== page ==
Introducing Fusion 2.0 with Application Risk Management 

Risk management is an essential part of securing any digital transformation effort. The growth in use of cloud-native applications and microservices architecture is driving a broader industry trend toward more applications. For AppSec teams, the movement to different dev teams working simultaneously on different launch schedules has caused a marked growth in complexity. Or, put more simply: things are getting really hard out there for AppSec teams.  

In response, more companies are purchasing more tools to place security controls at multiple points across the software development lifecycle (SDLC). However, the number of tools in places doesn’t necessarily equate to a decrease in development time or efficiencies in other resources. More tools often just mean more vulnerabilities, and AppSec teams are notoriously understaffed and under-resourced to manage risks effectively.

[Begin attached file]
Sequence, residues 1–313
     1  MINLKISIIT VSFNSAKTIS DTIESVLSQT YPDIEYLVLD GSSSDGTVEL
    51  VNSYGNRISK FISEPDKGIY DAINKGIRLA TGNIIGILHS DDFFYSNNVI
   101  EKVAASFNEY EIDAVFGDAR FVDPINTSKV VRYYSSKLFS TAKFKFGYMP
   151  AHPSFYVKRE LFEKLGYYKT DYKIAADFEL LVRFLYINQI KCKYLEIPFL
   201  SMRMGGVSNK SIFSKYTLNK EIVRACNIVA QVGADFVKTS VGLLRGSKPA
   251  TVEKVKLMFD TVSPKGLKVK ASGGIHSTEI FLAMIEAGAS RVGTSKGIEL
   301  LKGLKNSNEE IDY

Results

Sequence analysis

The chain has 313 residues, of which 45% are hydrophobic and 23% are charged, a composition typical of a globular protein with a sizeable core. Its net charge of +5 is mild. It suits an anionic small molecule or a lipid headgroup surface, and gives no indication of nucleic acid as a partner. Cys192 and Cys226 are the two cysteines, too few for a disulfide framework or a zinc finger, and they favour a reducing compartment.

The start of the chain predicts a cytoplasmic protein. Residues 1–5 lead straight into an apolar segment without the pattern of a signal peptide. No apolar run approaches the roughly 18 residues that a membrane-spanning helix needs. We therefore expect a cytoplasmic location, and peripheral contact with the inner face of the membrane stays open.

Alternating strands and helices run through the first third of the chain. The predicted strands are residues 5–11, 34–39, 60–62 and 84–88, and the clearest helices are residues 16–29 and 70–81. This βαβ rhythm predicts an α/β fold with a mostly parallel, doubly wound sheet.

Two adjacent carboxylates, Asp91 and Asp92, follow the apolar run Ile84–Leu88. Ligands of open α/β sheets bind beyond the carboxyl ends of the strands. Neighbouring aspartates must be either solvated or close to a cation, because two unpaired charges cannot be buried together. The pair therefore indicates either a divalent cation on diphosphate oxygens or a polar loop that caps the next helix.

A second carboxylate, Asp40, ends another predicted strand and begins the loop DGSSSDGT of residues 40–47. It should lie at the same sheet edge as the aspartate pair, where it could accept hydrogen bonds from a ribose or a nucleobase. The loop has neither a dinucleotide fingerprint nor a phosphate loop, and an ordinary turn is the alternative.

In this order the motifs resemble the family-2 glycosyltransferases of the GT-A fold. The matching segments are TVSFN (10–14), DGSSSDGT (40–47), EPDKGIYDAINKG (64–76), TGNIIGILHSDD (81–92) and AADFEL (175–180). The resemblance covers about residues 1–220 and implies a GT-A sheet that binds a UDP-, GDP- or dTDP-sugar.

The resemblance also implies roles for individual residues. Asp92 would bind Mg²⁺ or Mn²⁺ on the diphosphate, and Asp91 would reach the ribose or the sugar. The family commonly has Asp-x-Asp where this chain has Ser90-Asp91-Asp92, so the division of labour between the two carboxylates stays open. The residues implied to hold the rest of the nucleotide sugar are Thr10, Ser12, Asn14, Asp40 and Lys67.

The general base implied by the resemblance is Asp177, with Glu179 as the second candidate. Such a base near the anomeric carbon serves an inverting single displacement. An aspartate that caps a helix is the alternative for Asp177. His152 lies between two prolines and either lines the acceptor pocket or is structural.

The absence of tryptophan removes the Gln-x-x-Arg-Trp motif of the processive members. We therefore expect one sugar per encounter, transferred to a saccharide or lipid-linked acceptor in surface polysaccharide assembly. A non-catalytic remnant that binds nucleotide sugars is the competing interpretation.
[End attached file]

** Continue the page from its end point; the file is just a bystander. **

Risk management: No pain, no gain? 

AppSec teams do not always know where to start when assessing and managing risk. Most teams have multiple tools that provide different outputs in different formats. Orchestrating diverse data sets such as these can be a daunting task; but identifying, assessing, and mitigating the biggest risks is essential to protecting your business.  

How do organizations begin assessing their risk? The first step is usually to conduct a comprehensive risk assessment. Once the risks are identified, they need to be evaluated based on their likelihood of being exploited and potential impact of that exploitation. This evaluation is often a highly manual process, but it allows organizations to prioritize risks and allocate resources accordingly to create a risk mitigation strategy.